Strong structural appeal and market positioning, with little competitive risks
We upgrade Bharti Infratel (BHIN) to Buy with a 37% increase in our discounted cash flow-based target price to R480. We acknowledge that the stock is up 30% YTD (vs Sensex up 2%), but: (i) its operating trends remain superior-we estimate 14% per annum. Ebitda growth and 20% NPAT (net profit after tax) growth over FY16-17F (forecast); (ii) we review its cash deployment options in detail, and conclude that Indian M&A deals can add 5-11% to valuations, plus expansion into fibre and distributed antenna systems (DAS) can provide further revenue upside; (iii) its structural appeal and market positioning remain strong with little competitive/regulatory risks; and (iv) at 14x FY16F Ebitda, it still trades at a 10% discount to peers like TBIG (Buy).
Our key M&A analysis and conclusions: BHIN is a net cash company and the company is reviewing the scope for M&As in India/Bangladesh, and expanding into fibre/DAS. Our review of these concludes: (i) acquiring towers in India has more merits than in Bangladesh. India’s tower space is far well established, plus Bangladesh has regulatory risks, eg, a licence fee of $390k, differential VAT treatments for leasing, and weaker tower economics with 6-9% ROICs (return on invested capital); (ii) for M&As in India, we estimate valuations in the $60-120k/ tower range make sense for BHIN, which could raise our valuation by 5-11%; and (iii) while it is still early days for fibre/DAS leasing in India, using examples in Indonesia, we note Ebitda margins on fibre are 80%-plus, but for DAS, while rents could be as high as $4.5k/month, margins vary widely with projects.
Risks: While it is well known that data, voice, capex and tenancies should grow in the foreseeable future for telcos, of which BHIN is a key beneficiary, an immediate market concern could be slower tenancies and margin decline in Q1, which we think is largely seasonal. Also, any changes to MSCI (Morgan stanley Composite Index) weighting or further sell-down by its parent Bharti Airtel (owns 71.8%) could lead to some volatility.
Growth aspirations should be value-accretive: Apart from organic growth driven by telcos’ continued network investments, Bharti Infratel’s management highlighted that it is looking at the following options for inorganic growth/diversification:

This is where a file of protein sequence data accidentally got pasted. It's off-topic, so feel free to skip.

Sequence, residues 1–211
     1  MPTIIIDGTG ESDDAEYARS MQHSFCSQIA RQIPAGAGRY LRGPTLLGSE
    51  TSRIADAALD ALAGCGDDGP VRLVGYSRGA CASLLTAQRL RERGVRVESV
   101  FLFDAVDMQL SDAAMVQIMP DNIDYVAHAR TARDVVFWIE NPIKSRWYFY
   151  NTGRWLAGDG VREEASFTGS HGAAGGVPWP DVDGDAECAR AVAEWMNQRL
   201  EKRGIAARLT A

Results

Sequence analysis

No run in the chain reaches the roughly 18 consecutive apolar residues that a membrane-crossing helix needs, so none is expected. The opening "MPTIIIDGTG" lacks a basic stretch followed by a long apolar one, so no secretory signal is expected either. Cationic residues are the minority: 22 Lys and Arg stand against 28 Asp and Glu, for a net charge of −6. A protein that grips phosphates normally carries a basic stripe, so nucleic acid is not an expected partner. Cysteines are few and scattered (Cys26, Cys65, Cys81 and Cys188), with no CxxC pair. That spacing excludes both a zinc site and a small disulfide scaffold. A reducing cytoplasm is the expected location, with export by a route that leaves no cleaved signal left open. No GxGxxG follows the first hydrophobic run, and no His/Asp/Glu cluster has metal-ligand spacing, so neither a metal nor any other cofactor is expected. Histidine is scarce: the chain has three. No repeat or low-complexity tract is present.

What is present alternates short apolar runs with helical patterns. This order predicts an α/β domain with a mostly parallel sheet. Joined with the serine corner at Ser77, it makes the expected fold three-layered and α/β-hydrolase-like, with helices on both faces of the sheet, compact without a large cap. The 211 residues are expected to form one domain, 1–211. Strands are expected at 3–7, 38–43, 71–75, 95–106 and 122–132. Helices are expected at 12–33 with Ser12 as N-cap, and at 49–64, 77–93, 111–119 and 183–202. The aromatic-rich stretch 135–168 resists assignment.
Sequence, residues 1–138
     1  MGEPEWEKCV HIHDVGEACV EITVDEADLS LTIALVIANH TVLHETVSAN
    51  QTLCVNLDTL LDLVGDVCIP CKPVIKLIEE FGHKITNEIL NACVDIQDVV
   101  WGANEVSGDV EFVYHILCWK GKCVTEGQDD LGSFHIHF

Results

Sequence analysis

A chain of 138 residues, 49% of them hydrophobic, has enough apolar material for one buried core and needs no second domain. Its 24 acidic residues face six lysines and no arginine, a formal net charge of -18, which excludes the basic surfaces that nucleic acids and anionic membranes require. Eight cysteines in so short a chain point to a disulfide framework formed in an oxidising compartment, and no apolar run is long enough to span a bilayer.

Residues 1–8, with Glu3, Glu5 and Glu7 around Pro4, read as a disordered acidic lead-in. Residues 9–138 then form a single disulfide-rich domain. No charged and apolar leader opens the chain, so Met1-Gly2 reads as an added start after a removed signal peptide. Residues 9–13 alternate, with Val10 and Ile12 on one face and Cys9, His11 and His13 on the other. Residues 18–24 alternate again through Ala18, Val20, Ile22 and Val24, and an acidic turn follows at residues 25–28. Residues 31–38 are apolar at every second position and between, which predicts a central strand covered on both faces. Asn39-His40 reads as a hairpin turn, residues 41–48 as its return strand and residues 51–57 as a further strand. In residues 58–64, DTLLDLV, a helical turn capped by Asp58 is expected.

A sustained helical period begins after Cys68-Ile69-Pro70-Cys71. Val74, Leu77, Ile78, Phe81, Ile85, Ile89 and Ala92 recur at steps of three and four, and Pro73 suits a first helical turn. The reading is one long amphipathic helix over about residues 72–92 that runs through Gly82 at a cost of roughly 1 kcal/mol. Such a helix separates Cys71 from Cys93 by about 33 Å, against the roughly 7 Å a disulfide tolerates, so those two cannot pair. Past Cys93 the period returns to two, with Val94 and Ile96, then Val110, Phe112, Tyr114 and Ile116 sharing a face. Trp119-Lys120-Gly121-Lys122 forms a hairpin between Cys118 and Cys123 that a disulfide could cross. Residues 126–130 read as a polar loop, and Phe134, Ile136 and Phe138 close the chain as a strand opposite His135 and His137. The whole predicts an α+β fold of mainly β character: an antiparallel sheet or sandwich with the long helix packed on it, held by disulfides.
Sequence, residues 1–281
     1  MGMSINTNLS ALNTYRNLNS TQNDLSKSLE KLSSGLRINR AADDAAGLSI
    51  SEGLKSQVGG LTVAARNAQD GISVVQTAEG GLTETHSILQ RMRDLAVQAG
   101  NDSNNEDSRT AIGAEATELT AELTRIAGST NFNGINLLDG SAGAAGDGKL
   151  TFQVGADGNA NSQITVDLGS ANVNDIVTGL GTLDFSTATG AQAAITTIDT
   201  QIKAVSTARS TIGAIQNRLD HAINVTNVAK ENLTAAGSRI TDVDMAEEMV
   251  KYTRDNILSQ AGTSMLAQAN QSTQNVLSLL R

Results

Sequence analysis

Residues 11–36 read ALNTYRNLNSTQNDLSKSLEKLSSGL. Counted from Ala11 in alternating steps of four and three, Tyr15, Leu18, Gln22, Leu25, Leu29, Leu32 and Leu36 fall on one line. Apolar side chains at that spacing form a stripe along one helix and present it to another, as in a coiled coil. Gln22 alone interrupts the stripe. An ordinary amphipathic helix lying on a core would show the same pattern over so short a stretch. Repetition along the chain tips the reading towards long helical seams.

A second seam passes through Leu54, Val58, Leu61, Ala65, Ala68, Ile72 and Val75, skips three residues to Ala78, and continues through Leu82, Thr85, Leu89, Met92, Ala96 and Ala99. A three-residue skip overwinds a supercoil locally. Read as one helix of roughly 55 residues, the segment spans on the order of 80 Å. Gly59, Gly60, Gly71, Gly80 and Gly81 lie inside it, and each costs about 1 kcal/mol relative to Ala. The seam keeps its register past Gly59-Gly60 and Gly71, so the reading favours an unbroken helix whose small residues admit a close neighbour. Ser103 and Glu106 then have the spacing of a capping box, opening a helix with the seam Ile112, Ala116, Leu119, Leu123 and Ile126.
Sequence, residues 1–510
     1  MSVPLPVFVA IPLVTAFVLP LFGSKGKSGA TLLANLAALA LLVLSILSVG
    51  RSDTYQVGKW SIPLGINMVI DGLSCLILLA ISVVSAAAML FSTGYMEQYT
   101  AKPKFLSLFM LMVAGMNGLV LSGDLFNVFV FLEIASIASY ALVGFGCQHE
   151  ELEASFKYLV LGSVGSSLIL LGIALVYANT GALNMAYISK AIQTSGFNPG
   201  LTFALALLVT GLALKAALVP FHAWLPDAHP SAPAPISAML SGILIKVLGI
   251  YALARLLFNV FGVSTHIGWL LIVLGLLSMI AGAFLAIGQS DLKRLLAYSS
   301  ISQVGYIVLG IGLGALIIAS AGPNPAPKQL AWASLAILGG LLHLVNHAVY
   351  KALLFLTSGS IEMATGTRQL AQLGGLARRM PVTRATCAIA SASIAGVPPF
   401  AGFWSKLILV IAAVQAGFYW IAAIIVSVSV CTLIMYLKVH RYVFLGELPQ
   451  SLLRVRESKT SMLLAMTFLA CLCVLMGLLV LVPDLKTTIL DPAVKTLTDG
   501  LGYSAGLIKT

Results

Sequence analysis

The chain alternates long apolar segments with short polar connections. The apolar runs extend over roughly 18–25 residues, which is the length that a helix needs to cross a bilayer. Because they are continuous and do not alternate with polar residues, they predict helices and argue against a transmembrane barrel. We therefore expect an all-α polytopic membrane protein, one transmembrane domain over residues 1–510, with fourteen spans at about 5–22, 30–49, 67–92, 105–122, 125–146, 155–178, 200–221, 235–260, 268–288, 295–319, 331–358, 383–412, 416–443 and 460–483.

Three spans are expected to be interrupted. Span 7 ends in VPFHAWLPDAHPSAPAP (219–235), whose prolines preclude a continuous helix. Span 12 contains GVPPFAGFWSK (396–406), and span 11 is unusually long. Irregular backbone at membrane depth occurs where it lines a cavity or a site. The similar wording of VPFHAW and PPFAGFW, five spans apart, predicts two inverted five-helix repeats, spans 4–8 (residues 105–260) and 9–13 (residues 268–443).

(i) Acquiring operator-owned towers in India, and/or towers in Bangladesh,
(ii) Venturing into new segments like fibre and distributed antennas systems (DAS), and
(iii) The government’s ‘Digital India’ programme.
How much to pay for tower assets: We estimate per tower valuations in the range of $60-120k make sense for BHIN for M&As in India. These imply a positive NPV (net present value) of $700m-1.6 bn with IRR (internal rate of return) of 12-20%. This should be positive for BHIN’s share price, too, by around 5-11%.
Infrastructure firms are allowed only to lease out dark fibre (without active equipment like repeaters, etc) to telcos as of now, and that too is quite limited at this stage. For active sharing of equipment, regulations are still awaited. Hence, we do not have many data points to review the fibre opportunity in India as of now.
However, based on our discussions with infrastructure firms in Indonesia, a market which is close to India in terms of the adoption of infrastructure sharing, we note that Ebitda margins on fibre (with active equipment) could be 80%-plus, with paybacks of within three-four years.
Even DAS leasing is quite limited in India as of now. Again, looking at Indonesian examples, we note – unlike for towers, there is no “typical” DAS capex and rental. The range of revenue of DAS can be $1,400-4,500 per month, and these projects usually have varying Ebitda margins.
As part of the Digital India plans, the government of India is aiming to expand mobile phone and internet connectivity to the farthest corners of India. This project offers strong opportunities for leading infrastructure providers like BHIN, which can get involved by rolling out towers, poles, fibre and Wi-Fi.